Is Natural wine a thing?

Bord Bia logo

facebook logo Twitter logo YouTube logo LinkedIn logo
FoodAlert - Capturing Key Trends in the Global Food and Drinks Market

Is Natural wine a thing?

Article Date: 16/03/2018 


Sibéal Bird, Origin Green Ambassador, Rome

According to the Natural Marketing Institute’s (NMI) annual Health & Wellness Trends Survey Consumers increasingly insist upon “real foods;" or in other words those foods and beverages that are natural, have no artificial additives, and have a short list of recognisable ingredients that are both familiar and easy to understand.

Natural’ when used to describe food or drink is a word that means many different things to many different people. When talking about wine, the term is applied to wines in the same vein as organic or biodynamic wines. However unlike organic wines, there are no laws that define ‘natural, it is merely a philosophy or an ethic, not a concrete, regulated concept. All natural wines are farmed organically or biodynamically (incorporates ideas about a vineyard as an entire ecosystem, astrological influences and lunar cycles), free of chemical sprays, free of additives, and fermented with native yeast. Essentially natural wine is one that is naturally grown and naturally made with as little interference as possible.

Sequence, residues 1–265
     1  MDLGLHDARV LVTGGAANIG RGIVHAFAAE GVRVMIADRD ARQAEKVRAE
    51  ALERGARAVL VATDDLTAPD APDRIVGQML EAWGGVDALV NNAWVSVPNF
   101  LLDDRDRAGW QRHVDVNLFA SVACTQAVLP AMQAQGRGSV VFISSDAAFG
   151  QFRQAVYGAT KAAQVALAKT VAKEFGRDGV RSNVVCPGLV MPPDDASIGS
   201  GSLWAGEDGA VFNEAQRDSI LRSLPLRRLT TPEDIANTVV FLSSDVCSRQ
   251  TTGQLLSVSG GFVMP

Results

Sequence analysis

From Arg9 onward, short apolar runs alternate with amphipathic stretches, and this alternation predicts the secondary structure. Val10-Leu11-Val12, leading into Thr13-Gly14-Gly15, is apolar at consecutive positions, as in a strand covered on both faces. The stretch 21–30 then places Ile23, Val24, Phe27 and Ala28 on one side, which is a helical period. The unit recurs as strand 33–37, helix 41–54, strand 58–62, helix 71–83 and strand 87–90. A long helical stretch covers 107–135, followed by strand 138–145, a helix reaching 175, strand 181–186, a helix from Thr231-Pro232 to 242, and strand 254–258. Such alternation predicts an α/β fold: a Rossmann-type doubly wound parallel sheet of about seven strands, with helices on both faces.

The magazine Wine Business International (WBI) estimates that natural wine accounts for less than 2% of global sales, however, in certain cosmopolitan hotspots such as New York, Copenhagen, London and Paris – where a small ever increasing group of restaurants and bars advocate nothing but natural – it is very much a thing. Perhaps the wine world will soon stand up and take notice of the many other food and drink categories who have embraced these new consumers who are demanding products free from gluten or dairy or so on, but are refusing to compromise on quality or taste. These ‘free-from’ consumers, who in Britain alone forked out an additional £230m on ‘free-from’ food and drink in 2016, may be worth giving another look as they have the potential to grow the current 2% market share into a much bigger piece of the global wine market pie.

<< Back to Food Alert